Answer: All that is required is that you can make a simple line drawing showing the standpipe and/or sprinkler systems and water source, their relation to each floor, where the pump and valves are located, and what type of connection is available. The best way to get this right is to walk your building and observe, then sit down and draw up a quick sketch. It does NOT need to have an extreme amount of detail. If you have a plumber who has done a lot of work in your building, you might ask him to take a little of his time to help you. That's what I did in a previous building, and it was fine. Glen Stoltz

 

 
  Question #606: My husband has an interview scheduled for a super's job. Someone told me that because he was convicted of burglary (back in 1988) he can't be a super since the job requires possession of tenants keys and entry into their apartments. Is there a law to this effect or can it be up to management's discretion? Is it true that supers have to be bonded? Post your answer

Answer: It is generally up to the discretion of the individual company, as there is no State or City law governing this that I'm aware of. However, any management company which cares about its reputation will very carefully screen applicants in an effort to not only get a person who can do the required work well, but also a man or woman who is a good representative of their company, and who will treat their residents with the respect and attention to detail they expect and deserve. Also, most supers are not bonded. Glen Stoltz

 

 
  Question #605: I live in PA in a 2 bedroom apartment with my roommate. We have always had air conditioning but this summer the unit was only cooling the living room area, leaving the rest of the house hot. The maintenance people have come in numerous times and said it does work, but I have consistently insisted that it does but only in that living room area. I have even spoken to the regional manager and he has advised me that as long as the maintenance people check the temperature and it reads 60 degrees they will not replace it. I do not want to move but I need a new a/c unit. I have lived at in this apartment for 3 years and never had a problem with the AC. What should I do? Post your answer

Answer: If you're sure it doesn't cool your space as it did previously, and as it should, you could try taking temperature readings for several days or weeks, then present your findings to management with your demand to replace or adequately repair the unit.

 

 
  Question #604: Does anyone have experience and/or comments about replacing an intercom system in a building built in the late 1950's with a system that utilizes existing phone lines to individual apartments. Are there any drawbacks to such a system (i.e., problems if DSL internet connection lines are being used)? Post your answer

Answer: We have the intercom on our phone line system. It does not interfere with the DSL lines. Peter Grech, GBOC

 

 
  Question #603: My building has just been sold. I live in an unregulated apartment and my lease is up for renewal. So far I have not received a renewal notice. How far in advance must the landlord notify me about intent of renewal or non-renewal of the lease? Post your answer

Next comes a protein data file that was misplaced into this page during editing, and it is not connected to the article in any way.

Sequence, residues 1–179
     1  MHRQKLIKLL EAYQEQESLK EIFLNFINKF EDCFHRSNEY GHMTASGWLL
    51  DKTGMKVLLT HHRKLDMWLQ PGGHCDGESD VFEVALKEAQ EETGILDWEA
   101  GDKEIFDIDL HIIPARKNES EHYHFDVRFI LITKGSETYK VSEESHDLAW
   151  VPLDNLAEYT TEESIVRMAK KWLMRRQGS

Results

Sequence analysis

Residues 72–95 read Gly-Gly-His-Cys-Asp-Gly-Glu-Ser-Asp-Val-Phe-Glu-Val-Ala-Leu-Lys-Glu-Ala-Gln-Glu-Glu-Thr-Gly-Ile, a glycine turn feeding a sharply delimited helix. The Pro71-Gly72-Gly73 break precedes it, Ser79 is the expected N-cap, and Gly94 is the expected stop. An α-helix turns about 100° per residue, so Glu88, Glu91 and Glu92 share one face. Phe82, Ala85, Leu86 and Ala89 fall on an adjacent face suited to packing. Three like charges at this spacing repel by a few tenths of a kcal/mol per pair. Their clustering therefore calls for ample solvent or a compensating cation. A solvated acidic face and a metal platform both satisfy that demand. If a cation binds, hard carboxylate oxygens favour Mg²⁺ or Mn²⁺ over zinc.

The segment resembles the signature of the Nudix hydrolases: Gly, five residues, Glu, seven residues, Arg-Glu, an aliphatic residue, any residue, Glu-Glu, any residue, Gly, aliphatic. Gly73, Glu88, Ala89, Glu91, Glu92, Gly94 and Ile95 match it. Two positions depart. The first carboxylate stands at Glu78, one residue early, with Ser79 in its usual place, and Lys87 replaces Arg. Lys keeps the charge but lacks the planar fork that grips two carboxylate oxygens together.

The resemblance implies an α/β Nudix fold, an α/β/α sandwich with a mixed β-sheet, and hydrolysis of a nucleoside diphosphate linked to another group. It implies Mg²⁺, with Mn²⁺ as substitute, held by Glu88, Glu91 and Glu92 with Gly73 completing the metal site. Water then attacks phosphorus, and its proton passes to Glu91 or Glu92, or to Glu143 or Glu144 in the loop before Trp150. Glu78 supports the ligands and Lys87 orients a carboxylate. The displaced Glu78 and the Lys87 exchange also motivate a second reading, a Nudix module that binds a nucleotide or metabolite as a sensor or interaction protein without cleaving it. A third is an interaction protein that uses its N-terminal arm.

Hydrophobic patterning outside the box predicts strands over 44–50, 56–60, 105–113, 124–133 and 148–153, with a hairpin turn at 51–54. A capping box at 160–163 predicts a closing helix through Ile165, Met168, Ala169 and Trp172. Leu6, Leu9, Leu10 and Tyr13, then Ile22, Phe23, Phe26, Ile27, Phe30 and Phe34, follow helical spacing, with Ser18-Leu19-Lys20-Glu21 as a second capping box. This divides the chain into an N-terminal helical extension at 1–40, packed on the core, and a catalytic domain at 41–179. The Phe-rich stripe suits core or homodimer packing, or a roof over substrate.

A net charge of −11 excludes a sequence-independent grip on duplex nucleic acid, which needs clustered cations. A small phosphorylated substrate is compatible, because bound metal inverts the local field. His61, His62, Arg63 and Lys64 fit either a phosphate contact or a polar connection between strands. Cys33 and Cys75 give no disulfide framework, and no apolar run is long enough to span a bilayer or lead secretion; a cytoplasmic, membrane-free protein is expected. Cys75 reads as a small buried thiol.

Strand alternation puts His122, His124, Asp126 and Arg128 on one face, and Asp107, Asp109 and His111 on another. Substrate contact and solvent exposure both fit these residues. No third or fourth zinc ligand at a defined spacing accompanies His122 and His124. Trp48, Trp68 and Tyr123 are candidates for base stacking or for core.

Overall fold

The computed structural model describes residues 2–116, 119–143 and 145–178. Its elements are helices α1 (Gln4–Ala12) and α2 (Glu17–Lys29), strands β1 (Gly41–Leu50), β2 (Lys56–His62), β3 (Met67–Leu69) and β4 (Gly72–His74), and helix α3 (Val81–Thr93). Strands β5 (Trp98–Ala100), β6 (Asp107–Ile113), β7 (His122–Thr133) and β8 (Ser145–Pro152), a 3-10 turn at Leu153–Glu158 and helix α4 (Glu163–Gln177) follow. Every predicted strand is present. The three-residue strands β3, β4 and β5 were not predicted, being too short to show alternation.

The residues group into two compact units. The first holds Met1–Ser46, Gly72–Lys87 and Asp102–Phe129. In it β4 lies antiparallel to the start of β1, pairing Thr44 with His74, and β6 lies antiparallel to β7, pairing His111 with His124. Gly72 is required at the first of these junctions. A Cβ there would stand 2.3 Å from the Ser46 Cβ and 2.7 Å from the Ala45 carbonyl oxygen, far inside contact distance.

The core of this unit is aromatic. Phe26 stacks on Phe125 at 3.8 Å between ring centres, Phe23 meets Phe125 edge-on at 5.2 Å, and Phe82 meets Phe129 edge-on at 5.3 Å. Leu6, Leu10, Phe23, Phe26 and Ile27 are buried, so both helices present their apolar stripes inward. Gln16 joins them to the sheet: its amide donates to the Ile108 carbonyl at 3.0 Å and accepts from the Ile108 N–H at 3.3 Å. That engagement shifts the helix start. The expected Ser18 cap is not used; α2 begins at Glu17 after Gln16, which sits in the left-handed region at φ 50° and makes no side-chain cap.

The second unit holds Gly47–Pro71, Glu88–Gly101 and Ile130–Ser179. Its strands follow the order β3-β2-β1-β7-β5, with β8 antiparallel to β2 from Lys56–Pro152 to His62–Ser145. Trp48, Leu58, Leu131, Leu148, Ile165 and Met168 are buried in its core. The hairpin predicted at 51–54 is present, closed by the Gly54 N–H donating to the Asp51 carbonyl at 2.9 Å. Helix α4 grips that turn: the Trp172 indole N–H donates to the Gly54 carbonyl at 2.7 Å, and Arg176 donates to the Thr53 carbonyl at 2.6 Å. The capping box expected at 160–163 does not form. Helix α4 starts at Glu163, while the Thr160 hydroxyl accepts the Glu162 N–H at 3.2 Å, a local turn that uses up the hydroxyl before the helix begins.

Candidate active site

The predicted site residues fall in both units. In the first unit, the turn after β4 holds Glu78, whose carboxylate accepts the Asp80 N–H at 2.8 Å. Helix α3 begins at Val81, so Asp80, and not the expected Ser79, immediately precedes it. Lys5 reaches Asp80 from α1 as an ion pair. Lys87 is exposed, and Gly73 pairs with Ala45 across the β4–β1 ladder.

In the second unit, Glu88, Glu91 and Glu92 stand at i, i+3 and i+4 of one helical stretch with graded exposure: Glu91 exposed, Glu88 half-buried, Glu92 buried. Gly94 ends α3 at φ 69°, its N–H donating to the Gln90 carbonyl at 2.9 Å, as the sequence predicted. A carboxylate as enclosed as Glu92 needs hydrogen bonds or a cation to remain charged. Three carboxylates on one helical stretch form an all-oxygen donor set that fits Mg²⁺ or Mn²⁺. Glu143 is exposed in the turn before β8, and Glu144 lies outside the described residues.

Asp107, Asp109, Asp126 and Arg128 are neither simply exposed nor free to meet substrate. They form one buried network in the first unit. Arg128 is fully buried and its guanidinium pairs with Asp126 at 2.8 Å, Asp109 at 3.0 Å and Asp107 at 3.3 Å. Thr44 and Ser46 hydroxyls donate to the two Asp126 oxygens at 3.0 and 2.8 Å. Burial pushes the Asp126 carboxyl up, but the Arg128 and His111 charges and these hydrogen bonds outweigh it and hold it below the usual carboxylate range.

Answer: If your lease was a rent stabilized lease, by law the landlord must send out lease renewal forms 120 days before the lease end date. In a deregulated apartment there is NO such provision or law. My opinion: you are put on a month to month lease, most probably the new owners will condo the building. So, if you don't buy in, they can terminate the lease. That's my opinion. PGrech, Peter Grech, GBOC

 

 
  Question #602: Who is responsible for installing a legal fire gate at fire escape windows - tenant or landlord? Post your answer

Answer: Unless it is specified in the lease who is to pay for the installation, it is assumed that the tenant will pay. Peter Grech, GBOC

 

 
  Question #601: I have central air. The unit is running, but no cold air is coming out, I checked outside. Ice has formed on the pipes attached to the unit. What is causing this? Post your answer

Answer: Your air conditioning unit either has a restriction in the capillary tube or it is low on refrigerant. If it is low on refrigerant this might indicate that you have a leak in the unit. Peter Grech, GBOC

 

 
  Question #600:  A tenant allowed his sink to overflow. This caused damage to his apartment and to the ceiling below. He contends that he isn't responsible because the run-off safety drain wasn't functioning and the floor in the water closet isn't all water proof. Please advise. Post your answer

Answer: First of all congratulations on being our 600th question. I wish I had a box of steak knives or other gift to give you. The following is only opinion based on past experience: the answer to your question depends on type of ownership - co-op, condo or rental. In most cases, if the sink is defective then the owner of the sink is responsible for damages. If the sink is not defective, then the person who created the overflow is responsible.  In any event, this is a legal question and should be asked of an attorney.  Peter Grech, GBOC